Chasing Bangladesh's Extreme Weather

Screenshot of the Great Bangladesh Weather Expedition Page

Screenshot of the Great Bangladesh Weather Expedition website

Bangladesh is among the topmost nations vulnerable to the impacts of climate change due to the frequency of extreme weather events and its high population density. Floods and cyclones are often deadly and cause serious damage throughout the country. Such severe weather and rising sea levels are already a reality and will only continue to intensify.

The Great Bangladesh Weather Expedition aims to record these events. This team of storm chasers includes meteorologist Jonathan D. Finch from the United States; Dr. Ashraf M. Dewan, a postdoctoral fellow in the Department of Earth and Environmental Sciences and an assistant professor in the Department of Geography at Nagoya University in Nagoya, Japan; Scott Olson, a photographer for Getty Images; and Tim Vasquez, creator of Digital Atmosphere forecasting software.

Finch has spent years studying and forecasting Bangladeshi weather and keeps a comprehensive archive on his site. The following map was created with data from Finch and Dewan:

According to the website, the Bangladesh Expedition will be operating as a mobile mesonet – or a network of weather stations – from Dhaka to Fairdpur and Manikganj taking measurements of temperature, dew point, wind speed and direction as well as taking photographs and video. They will also produce a documentary, which will focus on the project as well as the culture of Bangladesh and explore the uniqueness of the country's weather.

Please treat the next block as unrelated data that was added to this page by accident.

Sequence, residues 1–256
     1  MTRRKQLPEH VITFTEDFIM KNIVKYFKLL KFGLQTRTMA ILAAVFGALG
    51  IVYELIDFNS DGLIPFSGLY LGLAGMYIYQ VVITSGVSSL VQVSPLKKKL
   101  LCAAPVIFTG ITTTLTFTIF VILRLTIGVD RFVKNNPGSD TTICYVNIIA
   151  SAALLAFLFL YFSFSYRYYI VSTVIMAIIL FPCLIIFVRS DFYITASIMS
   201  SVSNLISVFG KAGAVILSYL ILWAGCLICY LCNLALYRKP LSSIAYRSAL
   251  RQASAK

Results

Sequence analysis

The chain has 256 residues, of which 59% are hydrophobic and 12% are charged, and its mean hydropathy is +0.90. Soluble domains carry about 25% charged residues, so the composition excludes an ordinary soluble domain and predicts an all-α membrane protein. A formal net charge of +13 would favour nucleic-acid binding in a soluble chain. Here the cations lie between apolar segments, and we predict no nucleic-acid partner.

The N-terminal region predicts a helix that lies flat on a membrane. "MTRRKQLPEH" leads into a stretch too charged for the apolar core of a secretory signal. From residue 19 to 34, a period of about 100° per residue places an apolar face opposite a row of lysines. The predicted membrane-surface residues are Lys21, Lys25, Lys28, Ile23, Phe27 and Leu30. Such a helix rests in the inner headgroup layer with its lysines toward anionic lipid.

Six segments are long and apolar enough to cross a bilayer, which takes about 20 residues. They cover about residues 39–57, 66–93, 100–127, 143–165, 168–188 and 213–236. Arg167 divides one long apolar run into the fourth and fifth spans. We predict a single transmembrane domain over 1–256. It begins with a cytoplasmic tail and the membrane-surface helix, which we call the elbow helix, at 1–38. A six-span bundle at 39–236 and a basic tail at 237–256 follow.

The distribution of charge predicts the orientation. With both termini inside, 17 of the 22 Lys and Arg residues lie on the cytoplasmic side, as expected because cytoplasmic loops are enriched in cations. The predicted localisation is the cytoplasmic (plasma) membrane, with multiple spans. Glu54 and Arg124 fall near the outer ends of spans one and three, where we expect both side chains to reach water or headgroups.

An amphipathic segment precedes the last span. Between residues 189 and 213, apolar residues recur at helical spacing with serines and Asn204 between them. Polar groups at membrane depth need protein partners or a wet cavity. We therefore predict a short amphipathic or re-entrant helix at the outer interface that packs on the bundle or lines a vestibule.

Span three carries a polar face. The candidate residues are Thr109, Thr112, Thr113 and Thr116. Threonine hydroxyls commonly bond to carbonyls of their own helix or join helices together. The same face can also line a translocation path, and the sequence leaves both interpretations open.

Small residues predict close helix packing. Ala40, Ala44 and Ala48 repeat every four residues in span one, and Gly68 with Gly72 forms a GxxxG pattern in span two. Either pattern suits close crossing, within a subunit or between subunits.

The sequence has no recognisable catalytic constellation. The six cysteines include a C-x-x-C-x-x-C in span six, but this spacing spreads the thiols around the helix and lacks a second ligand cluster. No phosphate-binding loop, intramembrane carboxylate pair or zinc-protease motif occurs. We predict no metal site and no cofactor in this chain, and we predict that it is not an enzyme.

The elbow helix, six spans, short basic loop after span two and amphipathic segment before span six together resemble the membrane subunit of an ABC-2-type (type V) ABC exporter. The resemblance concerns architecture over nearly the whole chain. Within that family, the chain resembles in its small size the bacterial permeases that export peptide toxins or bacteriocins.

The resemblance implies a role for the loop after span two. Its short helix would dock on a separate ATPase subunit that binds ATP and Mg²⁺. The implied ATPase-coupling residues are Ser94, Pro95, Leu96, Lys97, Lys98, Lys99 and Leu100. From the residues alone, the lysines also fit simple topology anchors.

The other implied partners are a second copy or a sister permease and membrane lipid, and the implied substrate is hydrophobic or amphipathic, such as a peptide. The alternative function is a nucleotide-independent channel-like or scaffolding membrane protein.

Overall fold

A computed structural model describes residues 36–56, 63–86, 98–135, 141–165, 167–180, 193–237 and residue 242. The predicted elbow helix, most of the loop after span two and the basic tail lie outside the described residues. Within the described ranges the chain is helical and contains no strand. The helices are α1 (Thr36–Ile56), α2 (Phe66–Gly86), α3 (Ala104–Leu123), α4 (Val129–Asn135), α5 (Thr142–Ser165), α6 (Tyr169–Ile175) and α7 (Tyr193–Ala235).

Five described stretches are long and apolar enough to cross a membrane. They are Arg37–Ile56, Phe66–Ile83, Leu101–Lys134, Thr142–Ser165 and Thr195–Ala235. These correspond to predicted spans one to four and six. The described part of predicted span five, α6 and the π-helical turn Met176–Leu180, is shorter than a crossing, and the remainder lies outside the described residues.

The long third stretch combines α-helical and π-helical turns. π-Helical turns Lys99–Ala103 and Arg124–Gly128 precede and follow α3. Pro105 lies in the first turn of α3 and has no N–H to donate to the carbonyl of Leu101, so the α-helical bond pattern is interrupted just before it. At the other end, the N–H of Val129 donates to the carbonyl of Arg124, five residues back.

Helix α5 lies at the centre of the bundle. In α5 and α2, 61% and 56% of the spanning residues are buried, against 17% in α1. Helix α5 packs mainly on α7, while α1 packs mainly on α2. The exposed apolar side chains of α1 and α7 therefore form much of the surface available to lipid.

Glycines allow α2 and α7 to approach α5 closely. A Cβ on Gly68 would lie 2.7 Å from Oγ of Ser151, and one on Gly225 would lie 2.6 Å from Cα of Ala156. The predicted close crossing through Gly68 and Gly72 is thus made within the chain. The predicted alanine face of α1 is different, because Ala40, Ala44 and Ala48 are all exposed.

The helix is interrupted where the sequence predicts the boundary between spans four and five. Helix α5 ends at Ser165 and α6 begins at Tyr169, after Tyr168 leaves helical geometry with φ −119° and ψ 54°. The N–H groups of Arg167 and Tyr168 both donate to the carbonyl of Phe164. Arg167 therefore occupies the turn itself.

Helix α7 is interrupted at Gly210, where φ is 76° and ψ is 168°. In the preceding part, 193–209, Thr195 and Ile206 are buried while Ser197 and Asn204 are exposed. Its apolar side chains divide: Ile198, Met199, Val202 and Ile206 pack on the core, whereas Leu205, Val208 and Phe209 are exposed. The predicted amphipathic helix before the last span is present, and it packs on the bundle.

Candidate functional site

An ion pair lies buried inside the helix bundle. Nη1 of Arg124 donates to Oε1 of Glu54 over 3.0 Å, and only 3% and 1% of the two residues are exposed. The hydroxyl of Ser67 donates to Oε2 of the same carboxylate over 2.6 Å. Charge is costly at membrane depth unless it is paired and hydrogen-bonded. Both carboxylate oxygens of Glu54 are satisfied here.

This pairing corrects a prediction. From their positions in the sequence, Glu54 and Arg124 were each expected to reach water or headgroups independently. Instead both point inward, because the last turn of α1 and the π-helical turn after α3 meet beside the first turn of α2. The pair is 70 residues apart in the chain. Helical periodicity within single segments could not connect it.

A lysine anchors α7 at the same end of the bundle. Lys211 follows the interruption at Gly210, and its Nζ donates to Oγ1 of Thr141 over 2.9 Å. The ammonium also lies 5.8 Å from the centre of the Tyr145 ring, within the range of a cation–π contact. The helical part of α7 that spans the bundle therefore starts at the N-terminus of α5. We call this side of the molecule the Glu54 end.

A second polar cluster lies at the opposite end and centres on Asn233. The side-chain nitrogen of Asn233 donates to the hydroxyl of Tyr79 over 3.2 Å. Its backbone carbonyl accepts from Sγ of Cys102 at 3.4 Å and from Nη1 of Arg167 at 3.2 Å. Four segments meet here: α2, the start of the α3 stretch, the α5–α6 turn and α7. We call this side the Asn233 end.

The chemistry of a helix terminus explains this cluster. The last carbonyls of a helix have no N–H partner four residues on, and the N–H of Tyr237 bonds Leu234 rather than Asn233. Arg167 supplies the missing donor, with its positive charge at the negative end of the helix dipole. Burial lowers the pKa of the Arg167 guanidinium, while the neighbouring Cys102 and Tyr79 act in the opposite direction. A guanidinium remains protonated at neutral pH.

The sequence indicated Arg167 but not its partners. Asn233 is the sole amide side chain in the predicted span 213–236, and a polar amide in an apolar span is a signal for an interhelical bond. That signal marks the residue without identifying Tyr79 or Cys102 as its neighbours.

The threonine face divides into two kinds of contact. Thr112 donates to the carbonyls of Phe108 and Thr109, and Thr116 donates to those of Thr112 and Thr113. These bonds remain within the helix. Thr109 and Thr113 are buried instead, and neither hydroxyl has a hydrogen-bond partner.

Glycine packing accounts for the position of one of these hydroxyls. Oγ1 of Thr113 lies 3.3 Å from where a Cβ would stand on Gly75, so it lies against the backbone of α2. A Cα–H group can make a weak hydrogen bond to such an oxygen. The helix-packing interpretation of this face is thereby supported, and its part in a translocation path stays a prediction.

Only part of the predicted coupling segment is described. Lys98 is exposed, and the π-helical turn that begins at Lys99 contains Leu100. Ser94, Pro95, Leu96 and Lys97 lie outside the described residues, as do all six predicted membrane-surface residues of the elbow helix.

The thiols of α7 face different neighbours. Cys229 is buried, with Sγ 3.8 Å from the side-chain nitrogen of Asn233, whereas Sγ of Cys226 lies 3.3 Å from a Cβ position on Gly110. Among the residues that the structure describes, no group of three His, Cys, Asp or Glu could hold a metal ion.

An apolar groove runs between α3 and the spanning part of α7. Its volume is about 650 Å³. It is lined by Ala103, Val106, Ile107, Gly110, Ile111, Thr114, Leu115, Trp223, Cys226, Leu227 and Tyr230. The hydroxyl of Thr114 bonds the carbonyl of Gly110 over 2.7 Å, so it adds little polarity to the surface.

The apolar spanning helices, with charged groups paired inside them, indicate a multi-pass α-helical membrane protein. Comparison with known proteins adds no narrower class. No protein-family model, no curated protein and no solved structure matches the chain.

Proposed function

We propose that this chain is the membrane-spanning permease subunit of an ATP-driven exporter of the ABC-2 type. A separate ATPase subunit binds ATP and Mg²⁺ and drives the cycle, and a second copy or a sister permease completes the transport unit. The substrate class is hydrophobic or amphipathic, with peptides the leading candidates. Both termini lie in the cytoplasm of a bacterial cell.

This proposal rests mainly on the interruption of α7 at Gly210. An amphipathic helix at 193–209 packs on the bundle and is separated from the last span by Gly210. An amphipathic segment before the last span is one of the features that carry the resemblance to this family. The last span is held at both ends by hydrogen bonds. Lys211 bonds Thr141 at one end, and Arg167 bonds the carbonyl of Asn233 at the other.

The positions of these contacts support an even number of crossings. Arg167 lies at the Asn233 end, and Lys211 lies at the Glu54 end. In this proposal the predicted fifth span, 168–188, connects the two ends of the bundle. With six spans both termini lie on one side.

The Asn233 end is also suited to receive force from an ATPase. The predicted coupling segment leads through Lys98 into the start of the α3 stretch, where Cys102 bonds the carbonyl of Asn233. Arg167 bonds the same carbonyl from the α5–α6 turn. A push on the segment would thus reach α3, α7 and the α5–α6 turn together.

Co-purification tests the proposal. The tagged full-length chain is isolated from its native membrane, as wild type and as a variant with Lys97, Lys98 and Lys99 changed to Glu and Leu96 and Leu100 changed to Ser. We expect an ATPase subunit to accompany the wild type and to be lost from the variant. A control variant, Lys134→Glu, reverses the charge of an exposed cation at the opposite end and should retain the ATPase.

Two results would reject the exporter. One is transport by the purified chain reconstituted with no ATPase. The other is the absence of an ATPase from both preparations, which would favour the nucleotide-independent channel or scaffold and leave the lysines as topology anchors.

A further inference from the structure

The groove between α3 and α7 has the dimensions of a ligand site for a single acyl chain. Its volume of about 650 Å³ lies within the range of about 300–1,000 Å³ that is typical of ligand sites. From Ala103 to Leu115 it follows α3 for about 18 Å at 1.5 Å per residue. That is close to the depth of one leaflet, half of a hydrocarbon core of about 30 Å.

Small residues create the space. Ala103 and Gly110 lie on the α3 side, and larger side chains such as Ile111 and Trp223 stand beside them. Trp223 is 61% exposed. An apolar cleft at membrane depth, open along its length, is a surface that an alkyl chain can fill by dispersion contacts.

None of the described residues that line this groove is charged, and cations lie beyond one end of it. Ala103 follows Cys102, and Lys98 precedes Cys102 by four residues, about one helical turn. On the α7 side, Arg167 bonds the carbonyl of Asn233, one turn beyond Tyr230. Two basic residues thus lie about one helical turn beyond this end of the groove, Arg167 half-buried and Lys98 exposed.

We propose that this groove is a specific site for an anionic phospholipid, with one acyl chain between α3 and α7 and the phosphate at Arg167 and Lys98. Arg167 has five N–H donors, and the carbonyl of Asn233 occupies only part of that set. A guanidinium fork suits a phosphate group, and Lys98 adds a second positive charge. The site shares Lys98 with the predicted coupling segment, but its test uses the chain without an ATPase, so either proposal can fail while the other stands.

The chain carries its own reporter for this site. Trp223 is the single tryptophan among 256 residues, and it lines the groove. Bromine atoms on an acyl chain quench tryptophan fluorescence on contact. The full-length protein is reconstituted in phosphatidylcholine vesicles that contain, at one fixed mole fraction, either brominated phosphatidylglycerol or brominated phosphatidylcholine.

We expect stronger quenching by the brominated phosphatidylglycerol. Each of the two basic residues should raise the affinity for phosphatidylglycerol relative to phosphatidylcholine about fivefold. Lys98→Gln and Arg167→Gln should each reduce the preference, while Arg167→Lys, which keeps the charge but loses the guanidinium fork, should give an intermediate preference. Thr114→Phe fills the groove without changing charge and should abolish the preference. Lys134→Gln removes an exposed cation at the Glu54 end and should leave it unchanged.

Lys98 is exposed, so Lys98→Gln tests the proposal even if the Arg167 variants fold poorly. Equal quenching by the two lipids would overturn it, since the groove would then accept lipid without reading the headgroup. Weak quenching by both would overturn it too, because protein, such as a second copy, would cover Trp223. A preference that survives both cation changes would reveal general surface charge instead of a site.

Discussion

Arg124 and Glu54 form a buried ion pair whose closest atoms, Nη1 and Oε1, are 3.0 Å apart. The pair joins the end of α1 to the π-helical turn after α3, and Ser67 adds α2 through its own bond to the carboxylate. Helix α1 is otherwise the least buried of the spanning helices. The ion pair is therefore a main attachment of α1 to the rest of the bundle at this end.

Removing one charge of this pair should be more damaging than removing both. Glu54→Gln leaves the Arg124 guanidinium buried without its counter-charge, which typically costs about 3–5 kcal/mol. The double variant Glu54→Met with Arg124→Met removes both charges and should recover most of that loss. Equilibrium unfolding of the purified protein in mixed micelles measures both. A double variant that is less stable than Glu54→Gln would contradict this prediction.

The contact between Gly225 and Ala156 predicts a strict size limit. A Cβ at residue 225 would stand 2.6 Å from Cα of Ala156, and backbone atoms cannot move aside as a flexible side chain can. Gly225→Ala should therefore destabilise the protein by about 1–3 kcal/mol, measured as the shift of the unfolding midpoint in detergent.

Hail storm sweeps through Dhaka city. Image by Mehedi Rahman. Copyright Demotix (24/2/2010)

Hail storm sweeps through Dhaka city. Image by Mehedi Rahman. Copyright Demotix (24/2/2010)

Bangladesh is home to the world's deadliest tornado and also the world's heaviest hailstone which was reported to weigh 2.2lbs (that's the weight of 7 baseballs). This same storm killed 92 people from hail alone and the nearby region of India had the world's deadliest hail storm on record with 246 fatalities. The Bangladesh expedition has equipment to measure the diameter and weight of hail on the spot.

Scott Olson describes Bangladesh as “chaotically beautiful” in one of the team's blog posts:

People were living on the street, with a simple cloth tent, while next door may be a BMW dealership. A fire burned out of control for no particular reason and yet underlying it all, there is some structure to this chaos, not a lot but just enough to sustain it. The people are friendly and helpful and are immensely proud that a foreigner would visit their country. One thing to remember is Bangladesh is a young country and it creates feelings in the soul similar to what those people who came to an early America. Imagine that time you showed your friend a favorite track of a record you wanted them to hear, that eager anticipation while they listened to it. The art, uniqueness and warmth are of the Bengali people are of a degree you can find very few places.

You can follow the project via its Facebook page.

With additional input from Rezwan

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